[EM] Re: Condorcet's strategy problem

MIKE OSSIPOFF nkklrp at hotmail.com
Wed Sep 14 19:38:31 PDT 2005


You wrote:

In my opinion, a method where favorite betrayal scenarios are restricted to
a very narrow range of situations are not a major problem.

I reply:

That's what I believed too. I thought that I, and maybe a few others who 
share my opinions of the candidates, would be the only ones to do 
favorite-burial in wv Condorcet elections.

But then I watched a progressive voting in an Internet presidential poll, by 
rank balloting, counted by BeatpathWinner. That person said that Kerry's 
policies and honesty weren't as good as Nader, but she voted Kerry, and all 
the other Democrat candidates, over Nader. Just what LO2E progressives do 

I admit that that is the only person whom I've observed to do that. But that 
is the only person whom I've observed when they voted in an Internet poll. 
In those polls, as in real elecdtions, there are many votes for the 
Democrats. How many of those are by lesser-of-2-evils-dominated 

You might say that observation of one person doesn't prove anything. Of 
course not. But it isn't just one person. It's two, because, as I was 
saying, I myself would do favorite-burial to increase the probability that 
an acceptable candidate would win. The score, then, is two out of two.

Now obviously, in Internet presidential staw polls by rank balloting, not 
every Nader-preferrer votes Nader below the Democrats. That's obvious 
because Nader usually wins those polls. But you certainly can't tell by 
someone's ballot what their actual preferences are. I can tell you that 
particular voter's preferences because she told me. And I can tell you for 
sure that I'd favorite-bury to maximize the probability of an acceptable 
candidate winning. As I said, then, it's two out of two.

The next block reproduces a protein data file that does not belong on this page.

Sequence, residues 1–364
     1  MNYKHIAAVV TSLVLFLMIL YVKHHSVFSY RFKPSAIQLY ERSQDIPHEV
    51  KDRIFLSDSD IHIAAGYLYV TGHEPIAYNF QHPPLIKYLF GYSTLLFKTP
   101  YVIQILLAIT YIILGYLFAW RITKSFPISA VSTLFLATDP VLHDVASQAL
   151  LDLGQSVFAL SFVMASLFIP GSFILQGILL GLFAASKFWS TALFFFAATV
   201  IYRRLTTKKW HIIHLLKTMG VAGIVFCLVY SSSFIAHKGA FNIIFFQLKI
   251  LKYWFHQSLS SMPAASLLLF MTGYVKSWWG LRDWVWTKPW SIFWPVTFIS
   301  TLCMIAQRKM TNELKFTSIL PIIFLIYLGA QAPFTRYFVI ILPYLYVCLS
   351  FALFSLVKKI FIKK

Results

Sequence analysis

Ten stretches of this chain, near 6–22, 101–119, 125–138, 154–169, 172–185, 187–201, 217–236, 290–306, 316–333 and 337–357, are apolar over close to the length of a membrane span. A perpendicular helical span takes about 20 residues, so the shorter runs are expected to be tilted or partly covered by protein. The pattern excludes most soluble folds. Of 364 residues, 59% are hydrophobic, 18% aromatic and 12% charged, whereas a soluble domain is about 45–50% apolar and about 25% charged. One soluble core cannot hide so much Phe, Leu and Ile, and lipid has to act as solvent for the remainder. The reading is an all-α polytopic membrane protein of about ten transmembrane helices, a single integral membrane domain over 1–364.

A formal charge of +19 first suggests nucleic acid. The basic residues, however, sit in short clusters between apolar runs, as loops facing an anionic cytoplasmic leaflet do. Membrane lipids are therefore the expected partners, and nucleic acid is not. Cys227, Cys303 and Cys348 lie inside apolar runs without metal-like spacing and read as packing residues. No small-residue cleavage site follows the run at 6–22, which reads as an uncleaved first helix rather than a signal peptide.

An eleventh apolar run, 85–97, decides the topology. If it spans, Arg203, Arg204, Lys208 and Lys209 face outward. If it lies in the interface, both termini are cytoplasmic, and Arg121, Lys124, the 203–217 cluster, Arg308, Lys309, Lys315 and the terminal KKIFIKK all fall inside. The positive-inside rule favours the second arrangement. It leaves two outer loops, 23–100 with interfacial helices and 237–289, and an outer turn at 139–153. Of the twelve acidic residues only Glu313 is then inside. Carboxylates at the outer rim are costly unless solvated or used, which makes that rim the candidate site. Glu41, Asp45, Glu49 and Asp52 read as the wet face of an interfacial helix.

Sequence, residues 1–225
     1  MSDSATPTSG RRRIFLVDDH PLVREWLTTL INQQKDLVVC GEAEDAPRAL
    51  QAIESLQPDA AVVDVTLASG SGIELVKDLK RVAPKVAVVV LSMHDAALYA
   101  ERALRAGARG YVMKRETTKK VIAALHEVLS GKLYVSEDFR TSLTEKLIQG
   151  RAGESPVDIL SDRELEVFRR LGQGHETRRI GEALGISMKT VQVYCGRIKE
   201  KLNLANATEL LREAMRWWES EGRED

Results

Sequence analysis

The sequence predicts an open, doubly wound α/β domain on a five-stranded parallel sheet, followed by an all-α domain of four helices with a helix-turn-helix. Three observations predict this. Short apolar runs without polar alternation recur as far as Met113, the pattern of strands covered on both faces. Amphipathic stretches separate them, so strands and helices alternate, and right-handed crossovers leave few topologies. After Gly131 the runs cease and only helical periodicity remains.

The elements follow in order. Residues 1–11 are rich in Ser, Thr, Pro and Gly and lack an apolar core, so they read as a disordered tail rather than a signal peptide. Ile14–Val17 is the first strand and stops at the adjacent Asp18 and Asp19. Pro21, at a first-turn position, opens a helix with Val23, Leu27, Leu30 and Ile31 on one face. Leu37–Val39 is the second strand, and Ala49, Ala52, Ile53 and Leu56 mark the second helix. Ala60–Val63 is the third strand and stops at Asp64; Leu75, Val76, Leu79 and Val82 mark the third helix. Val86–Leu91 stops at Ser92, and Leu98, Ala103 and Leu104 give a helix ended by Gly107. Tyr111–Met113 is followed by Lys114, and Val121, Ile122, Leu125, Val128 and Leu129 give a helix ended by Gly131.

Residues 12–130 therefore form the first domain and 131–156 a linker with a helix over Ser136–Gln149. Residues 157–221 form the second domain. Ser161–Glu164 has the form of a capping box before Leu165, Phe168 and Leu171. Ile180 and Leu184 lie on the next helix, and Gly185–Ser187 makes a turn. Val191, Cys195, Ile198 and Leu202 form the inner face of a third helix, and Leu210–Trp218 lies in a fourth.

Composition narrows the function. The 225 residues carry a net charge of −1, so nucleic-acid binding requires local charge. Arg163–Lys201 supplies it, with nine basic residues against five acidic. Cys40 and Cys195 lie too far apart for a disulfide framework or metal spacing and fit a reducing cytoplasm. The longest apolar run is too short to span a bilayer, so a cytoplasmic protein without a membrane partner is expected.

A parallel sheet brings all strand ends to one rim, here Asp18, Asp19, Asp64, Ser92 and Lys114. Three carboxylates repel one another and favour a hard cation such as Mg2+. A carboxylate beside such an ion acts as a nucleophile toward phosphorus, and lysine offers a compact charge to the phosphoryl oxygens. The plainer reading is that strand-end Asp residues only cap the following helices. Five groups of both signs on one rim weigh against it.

Another thing: Of course the fact that Nader wins those staw polls doesn't 
mean that those Nader-preferrers would vote the same way in a real election. 
They know it isn't a real election, and many are free of their LO2E 
domination. (I myself voted all the acceptables together in 1st place 
instead of ranking them sincerely. I didn't rank them in order of 
winnability because, without AERLO, that might or might not be better than 
equal ranking, and because it's more work, and because it isn't so easy to 
estimate their winnability.)

But when that person voted her favorite below all the Democrats, even in a 
staw poll, you can bet that she'd do the same thing if it were a real 

We can theorize about what voters would do, but I'm just reporting about two 
voters whose preferences and voting I'm in a postition to report.

You continued:

If the polls
start to look something like this, voters will know well in advance. In the
vast majority of situations, there is no incentive to bury your favorite.

I reply:

Our mass-media polls have questionable reliability. And how many voters are 
sophisticated enough to assure themselves that that the situation is such 
that they can't regret not doing favortite-burial?

You continued:

Forest has argued recently (with regards to DMC, but the argument still
applies here) that voters will be very reluctant to vote full favorite
betrayal unless they know for certain that it is necessary.

I reply:

Maybe, for most voters, or maybe not. All I can say is that it isn't true of 
the two voters about whom I'm in a postiion to report.

You know, it depends on how the voter values the candidates. What would you 
yourself do if it were an acceptable/unacceptable situation for you? If you 
vote optimally, you yourself would favorite-bury if it would maximize the 
probability of the winner being an acceptable candidate. And that could be 
so even if there is no information available about whether or not that 
special FBC-failure situation exists.

You continued:

This runs
contrary to what Mike suggest, which is that voters will reverse order
unless they are absolutely sure it is *not* necessary.

I reply:

You, like me, would do that if it were an acceptable/unacceptable situation, 
and, lacking the information needed to judge if an FBC-failiure could 
happen, favorite-burial would maximize the probability that the winner would 
be an acceptable candidate.

You continued:

Ultimately it is very
hard for any of us to predict what effect wv Condorcet voting would have on
the political climate and people's attitudes toward voting.

I reply:

True. I was really surprised when that intelligent progressive voted her 
favorite below all the Democrats. That shows that we can't make reliable 
predictions without observations.  As I said, all I have to report is two 
voters' preferences and voting. But I can tell you that anyone who perceives 
an acceptable/unacceptable situation, and wants to maximize their 
expectation, will favorite-bury if it maximizes the probability that the 
winner will be an acceptable candidate.

Mike Ossipoff

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